SEYNE-LES-ALPES, France — A cockpit voice recorder badly damaged when a German jetliner slammed into an Alpine mountainside and a crucial two-minute span when the pilot lost contact offer vital clues into the crash’s cause, officials said Wednesday.
All 150 people on board were killed in Tuesday’s crash of the Germanwings Airbus 320 in the southern French Alps.
Helicopters surveying the scattered debris lifted off at daybreak, hours ahead of the expected arrival of bereaved families and the French, German and Spanish leaders. The flight from Spain to Germany went into an unexplained eight-minute dive before crashing.
Crews were making their way slowly to the remote crash site through fresh snow and rain, threading their way to the craggy ravine. On Tuesday, the cockpit voice recorder was retrieved from the site, French Interior Minister Bernard Cazeneuve said.
“The black box is damaged and must be reconstituted in the coming hours in order to be useable,” Cazeneuve told RTL radio.
Key to the investigation is what happened during the minutes 10:30 and 10:31 a.m., said Segolene Royal, a top government minister whose portfolio includes transport. From then, controllers were unable to make contact with the plane.
The voice recorder takes audio feeds from four microphones within the cockpit and records all the conversations between the pilots, air traffic controllers as well as any noises heard in the cockpit. The flight data recorder, which Cazeneuve said had not been retrieved yet, captures 25 hours’ worth of information on the position and condition of almost every major part in a plane.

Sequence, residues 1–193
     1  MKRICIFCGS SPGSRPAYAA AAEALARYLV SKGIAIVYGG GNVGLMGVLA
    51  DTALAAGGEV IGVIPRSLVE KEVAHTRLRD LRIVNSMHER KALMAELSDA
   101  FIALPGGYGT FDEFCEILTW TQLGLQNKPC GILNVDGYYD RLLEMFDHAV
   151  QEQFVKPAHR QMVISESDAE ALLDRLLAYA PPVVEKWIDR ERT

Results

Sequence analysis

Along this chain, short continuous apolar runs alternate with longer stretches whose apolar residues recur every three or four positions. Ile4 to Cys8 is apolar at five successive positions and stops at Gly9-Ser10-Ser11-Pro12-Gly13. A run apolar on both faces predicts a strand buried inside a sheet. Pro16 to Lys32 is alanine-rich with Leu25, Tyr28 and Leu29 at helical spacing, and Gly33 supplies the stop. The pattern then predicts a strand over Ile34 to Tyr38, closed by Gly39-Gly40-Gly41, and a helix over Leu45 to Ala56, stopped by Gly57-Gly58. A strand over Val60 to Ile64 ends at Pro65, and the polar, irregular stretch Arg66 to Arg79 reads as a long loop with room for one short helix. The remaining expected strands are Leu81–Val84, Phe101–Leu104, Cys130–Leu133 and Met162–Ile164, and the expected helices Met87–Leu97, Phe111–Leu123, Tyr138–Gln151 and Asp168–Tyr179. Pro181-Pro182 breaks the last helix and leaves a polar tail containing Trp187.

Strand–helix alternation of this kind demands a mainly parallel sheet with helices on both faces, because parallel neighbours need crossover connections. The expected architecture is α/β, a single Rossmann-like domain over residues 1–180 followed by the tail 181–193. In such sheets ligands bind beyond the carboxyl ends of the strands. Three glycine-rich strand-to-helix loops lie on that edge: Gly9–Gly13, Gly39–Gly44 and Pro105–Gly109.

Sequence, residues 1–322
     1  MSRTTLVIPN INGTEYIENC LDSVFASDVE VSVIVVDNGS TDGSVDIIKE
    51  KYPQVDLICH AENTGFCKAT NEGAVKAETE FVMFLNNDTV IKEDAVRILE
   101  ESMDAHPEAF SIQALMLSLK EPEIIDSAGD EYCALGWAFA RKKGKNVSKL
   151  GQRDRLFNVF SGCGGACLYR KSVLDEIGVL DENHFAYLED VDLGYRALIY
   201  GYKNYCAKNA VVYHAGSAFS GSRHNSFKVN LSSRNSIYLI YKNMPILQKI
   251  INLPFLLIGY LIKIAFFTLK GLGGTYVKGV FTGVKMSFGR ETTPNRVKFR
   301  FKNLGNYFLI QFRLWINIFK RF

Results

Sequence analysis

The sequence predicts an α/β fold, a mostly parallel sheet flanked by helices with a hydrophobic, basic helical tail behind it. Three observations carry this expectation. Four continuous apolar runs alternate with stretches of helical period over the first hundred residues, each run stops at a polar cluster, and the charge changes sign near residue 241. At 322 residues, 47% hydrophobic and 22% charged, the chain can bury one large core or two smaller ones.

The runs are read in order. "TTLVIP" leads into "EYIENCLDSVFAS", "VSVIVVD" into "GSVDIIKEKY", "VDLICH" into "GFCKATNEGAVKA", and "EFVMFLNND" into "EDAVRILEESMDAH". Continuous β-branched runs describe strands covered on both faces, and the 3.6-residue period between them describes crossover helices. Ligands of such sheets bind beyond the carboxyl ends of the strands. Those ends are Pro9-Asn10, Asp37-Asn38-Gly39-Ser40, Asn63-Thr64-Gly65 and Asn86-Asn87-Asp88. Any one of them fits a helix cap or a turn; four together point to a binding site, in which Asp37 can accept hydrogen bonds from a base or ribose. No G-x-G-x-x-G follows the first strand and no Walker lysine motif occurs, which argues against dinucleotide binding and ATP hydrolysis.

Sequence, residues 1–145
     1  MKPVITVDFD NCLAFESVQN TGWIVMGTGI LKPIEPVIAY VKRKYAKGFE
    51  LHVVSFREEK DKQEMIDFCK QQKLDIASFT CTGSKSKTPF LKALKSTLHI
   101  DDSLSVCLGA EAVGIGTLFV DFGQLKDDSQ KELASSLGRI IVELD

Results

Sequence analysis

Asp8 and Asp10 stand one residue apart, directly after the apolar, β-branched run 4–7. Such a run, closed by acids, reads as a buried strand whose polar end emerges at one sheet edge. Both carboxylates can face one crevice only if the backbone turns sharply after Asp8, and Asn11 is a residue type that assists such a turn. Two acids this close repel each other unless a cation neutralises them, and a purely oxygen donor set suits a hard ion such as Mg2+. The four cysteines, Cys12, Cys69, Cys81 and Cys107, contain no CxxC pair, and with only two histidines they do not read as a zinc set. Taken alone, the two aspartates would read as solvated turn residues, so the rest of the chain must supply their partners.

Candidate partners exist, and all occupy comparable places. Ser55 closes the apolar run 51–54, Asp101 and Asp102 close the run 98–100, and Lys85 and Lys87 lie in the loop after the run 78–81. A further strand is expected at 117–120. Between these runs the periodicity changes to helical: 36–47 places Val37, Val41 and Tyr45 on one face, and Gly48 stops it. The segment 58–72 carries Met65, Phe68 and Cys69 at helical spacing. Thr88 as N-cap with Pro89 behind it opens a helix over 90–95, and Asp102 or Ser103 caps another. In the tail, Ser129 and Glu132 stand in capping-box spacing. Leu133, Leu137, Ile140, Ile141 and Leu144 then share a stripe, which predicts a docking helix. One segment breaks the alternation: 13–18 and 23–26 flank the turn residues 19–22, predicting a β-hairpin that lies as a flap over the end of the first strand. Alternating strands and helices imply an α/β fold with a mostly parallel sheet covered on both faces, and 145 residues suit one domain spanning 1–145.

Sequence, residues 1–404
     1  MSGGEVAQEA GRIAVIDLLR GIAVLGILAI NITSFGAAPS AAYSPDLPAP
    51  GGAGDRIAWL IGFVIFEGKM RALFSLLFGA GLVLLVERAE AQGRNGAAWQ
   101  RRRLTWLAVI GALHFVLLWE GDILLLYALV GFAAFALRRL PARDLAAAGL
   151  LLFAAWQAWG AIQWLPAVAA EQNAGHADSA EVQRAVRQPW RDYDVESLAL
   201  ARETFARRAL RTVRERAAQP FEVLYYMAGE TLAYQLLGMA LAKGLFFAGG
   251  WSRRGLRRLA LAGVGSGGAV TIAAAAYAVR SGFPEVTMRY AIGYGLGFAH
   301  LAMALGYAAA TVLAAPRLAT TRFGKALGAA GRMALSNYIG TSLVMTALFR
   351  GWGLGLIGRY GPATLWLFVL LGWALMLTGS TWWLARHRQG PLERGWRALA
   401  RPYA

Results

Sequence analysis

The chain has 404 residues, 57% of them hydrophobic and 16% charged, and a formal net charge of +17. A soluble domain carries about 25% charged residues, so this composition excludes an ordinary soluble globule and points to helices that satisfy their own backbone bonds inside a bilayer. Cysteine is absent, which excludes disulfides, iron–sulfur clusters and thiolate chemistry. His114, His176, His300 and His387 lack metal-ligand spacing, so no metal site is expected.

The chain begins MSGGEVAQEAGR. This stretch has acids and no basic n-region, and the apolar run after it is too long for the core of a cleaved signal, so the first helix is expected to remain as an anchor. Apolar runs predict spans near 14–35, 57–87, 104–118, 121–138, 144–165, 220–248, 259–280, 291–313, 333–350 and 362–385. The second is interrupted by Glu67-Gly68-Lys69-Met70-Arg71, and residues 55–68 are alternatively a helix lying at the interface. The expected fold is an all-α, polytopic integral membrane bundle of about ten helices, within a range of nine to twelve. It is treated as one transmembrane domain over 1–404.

Royal and Cazeneuve both emphasized that terrorism is considered unlikely.
Investigators retrieving data from the recorder will focus first “on the human voices, the conversations” followed by the cockpit sounds, Transport Secretary Alain Vidalies told Europe 1 radio. He said the government planned to release information gleaned from the black box as soon as it can be verified.
Victims included two babies, two opera singers, an Australian mother and her adult son vacationing together, and 16 German high school students and their teachers returning from an exchange trip to Spain.
In Seyne-les-Alpes, locals had offered to host bereaved families because of a shortage of rooms to rent, said the town’s mayor, Francis Hermitte.
The plane, operated by Germanwings, a budget subsidiary of Lufthansa, was less than an hour from landing in Duesseldorf on a flight from Barcelona when it unexpectedly went into a rapid eight-minute descent. The pilots sent out no distress call and had lost radio contact with their control center, France’s aviation authority said.
Germanwings said 144 passengers and six crew members were on board.
An Air France flight from Paris to Saigon crashed just a few kilometers (miles) from the same spot in 1953, killing all 42 people on board.
Hinnant reported from Paris. AP Airlines writer Scott Mayerowitz in New York contributed to this report.